View Full Version : Irregular Warfare Symposium, Massey University, New Zealand, 27 August 2015

10-11-2015, 12:09 AM
On Thursday, 27 August 2015 Massey University's Centre for Defence and Security Studies (CDSS) held a symposium on Irregular Warfare (IW), hosted by the New Zealand Army at Linton Camp in the Warrant Officers and Sergeants Mess. A series of presentations covering topics from the impact of current technology on IW to personal experiences in specific IW operational environments were interspersed with questions to panels of speakers. The panels delved deeper into subjects raised by the presenters, and also introduced some interesting tangents. The event was an opportunity to broaden the discussion about IW beyond the second-year Irregular Warfare paper taught by CDSS as part of the regular academic year, and in particular to involve military practitioners who would equally benefit from a better understanding of this prevalent form of warfare in the contemporary security environment.

The first half of the symposium included Theo Corfiatis' presentation of a summation of some of the technologies employed by IW practitioners and how their use is shaping the battlefield. Bryan Dorn gave an interesting presentation on a methodology he has devised in order to more successfully trace the IW systems in place and developing among combatants. This methodology is already starting to be integrated into the New Zealand Defence Force's pre-deployment training. Then Squadron Leader Robert Nash presented on the subject of narrative, in particular how narrative as a form of soft power is being successfully used by anti-Western forces globally. There were valuable lessons to be taken away from each of these presentations, but it also highlighted that much of New Zealand's current theoretical knowledge is grounded in the experience and strategy of international thinkers.

As a counter-balance to the more theoretical morning presentations, the keynote speech made by Colonel Grant Motley of the New Zealand Defence Force's Defence College, and several regionally based presentations by military officers who had encountered IW on specific operations (in the Sinai, Sudan and Syria), gave the audience a practitioner's view of IW from the New Zealand perspective. Colonel Motley's organisational reflections on how IW requires the Defence Force to prepare its soldiers, sailors and airmen for combat in the contemporary world, and the operational settings that demonstrated eye-witness accounts of how IW is enacted on the ground in various parts of the world, were thought-provoking.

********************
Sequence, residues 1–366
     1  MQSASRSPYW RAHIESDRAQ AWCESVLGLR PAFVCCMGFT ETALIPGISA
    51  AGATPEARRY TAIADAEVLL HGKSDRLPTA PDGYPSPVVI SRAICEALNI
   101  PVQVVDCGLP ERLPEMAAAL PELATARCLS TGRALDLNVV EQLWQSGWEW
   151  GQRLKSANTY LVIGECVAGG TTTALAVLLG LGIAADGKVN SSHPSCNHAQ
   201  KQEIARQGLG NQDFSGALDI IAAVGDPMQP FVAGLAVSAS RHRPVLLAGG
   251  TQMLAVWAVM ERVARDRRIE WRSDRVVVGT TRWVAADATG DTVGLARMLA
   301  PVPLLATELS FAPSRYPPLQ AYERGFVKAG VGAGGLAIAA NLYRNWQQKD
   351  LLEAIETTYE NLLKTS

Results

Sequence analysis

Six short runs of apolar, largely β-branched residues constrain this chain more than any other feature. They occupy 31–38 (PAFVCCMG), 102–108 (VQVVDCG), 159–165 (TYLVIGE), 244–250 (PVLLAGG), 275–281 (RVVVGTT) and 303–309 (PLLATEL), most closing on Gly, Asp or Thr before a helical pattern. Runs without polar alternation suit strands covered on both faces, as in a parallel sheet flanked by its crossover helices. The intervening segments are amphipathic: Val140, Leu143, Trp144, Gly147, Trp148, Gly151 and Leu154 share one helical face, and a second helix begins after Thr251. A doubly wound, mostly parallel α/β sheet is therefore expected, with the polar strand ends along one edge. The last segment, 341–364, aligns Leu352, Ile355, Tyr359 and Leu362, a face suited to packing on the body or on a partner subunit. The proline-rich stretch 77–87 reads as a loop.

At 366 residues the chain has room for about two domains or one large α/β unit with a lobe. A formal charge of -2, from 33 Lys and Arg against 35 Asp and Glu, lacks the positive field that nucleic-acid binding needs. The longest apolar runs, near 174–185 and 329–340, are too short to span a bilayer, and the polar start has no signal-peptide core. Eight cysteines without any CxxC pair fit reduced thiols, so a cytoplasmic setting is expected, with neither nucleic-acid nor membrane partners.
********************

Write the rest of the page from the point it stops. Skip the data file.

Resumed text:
In listening to the afternoon presentations it seems that New Zealand's approach to considerations of IW must combine both elements of the morning and afternoon presentations - it must be aware of and incorporate the lessons learned from international experience, particularly because New Zealand's own direct experience of IW is relatively limited. But equally, what experience New Zealand does have of IW must remain part of the conversation and colour our contribution to a holistic examination of IW with our own particular lessons learned. To balance these two elements will not only mature New Zealand's own understanding of the subject, but will enable it to contribute meaningfully to a global approach to the challenge IW presents.